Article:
It was about this time I formulated a theory of human interactions. People, I believed, were basically black boxes. You could not know what went on inside them, so you shouldn't try to know; all that mattered was keeping track of what button-presses produced what results. If I could just keep a person around long enough, and keep their attitude toward me positive, given time I should stumble on the sequence of buttons that would lead to the outcomes I wanted, whether that was sex with an attractive woman, friendship with a likeable man (note the implicit, sexist assumptions that men are for friendship, women I find attractive are for sex, and women I don't find attractive are not acknowledged at all), respect from a peer, or good grades from a professor.
In short, I was looking at other people like video games, and seeking the strategies or cheat codes that would let me win. I don't think it's at all an accident that Nice Guy Syndrome appears to be extremely common in the geek and gamer subcultures.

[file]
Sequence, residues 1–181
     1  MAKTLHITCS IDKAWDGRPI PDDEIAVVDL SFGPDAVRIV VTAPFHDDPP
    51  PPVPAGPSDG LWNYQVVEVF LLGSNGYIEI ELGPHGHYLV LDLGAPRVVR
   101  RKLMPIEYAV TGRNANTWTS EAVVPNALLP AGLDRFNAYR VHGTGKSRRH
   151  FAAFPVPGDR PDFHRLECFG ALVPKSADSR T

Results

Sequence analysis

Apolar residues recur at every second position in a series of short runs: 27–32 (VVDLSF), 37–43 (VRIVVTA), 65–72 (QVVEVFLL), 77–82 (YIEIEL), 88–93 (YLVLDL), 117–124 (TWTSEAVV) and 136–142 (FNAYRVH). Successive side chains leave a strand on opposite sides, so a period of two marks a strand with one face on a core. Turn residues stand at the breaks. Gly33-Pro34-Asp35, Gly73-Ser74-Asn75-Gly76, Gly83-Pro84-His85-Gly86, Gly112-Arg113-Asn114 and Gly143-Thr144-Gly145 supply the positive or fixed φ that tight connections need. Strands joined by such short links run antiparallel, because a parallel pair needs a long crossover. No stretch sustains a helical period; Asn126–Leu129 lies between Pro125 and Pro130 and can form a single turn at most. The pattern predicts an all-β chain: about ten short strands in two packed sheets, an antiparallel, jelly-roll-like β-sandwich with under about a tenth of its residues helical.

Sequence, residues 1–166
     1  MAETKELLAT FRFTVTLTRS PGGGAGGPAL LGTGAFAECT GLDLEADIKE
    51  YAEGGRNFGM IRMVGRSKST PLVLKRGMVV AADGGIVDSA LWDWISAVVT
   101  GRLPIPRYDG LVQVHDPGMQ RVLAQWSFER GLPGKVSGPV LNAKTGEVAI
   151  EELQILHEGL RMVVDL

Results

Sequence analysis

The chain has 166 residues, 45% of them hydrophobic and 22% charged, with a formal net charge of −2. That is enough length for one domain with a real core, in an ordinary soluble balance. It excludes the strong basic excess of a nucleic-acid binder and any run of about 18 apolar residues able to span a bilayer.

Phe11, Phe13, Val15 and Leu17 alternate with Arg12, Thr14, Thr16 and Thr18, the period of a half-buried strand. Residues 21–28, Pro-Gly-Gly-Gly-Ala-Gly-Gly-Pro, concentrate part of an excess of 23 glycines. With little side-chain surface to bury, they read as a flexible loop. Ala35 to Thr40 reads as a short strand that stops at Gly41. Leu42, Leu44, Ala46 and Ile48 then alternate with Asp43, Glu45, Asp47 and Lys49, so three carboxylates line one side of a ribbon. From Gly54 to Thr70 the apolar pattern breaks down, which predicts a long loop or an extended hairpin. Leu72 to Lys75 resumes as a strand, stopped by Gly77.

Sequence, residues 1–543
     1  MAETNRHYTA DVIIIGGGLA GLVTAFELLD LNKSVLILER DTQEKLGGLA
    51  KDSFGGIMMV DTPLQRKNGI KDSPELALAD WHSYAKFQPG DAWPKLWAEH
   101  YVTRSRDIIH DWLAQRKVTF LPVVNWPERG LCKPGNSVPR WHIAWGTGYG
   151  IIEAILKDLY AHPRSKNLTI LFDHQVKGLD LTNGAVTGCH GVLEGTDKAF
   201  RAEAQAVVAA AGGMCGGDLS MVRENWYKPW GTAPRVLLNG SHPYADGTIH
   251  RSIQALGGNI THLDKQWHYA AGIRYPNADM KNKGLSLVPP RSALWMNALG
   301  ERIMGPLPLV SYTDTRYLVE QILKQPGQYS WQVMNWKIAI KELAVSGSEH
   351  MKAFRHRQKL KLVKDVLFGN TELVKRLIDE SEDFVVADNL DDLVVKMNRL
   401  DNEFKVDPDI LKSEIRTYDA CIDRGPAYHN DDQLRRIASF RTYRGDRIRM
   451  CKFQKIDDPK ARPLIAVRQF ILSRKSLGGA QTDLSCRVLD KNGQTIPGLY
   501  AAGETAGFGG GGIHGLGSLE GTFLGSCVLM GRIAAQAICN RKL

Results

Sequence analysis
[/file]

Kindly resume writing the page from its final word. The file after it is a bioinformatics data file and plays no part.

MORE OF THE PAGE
In one respect, this strategy worked. In the first couple of years of college, I had several professors whose classes I was able to game: a philosophy professor who was easily impressed by allusions to modern physics, and a literature professor who allowed us to e-mail in papers and could be tricked into accepting a paper late if you changed the datestamp in the e-mail header before you sent it. However, by midway through college (which is also when I started pulling out of my Nice Guy Syndrome) I realized this was defeating the point of learning as much as I could, and began intentionally seeking out challenges instead.
I never told Sarah about my attraction, and after a year she switched to another school. We corresponded briefly, but quickly lost touch.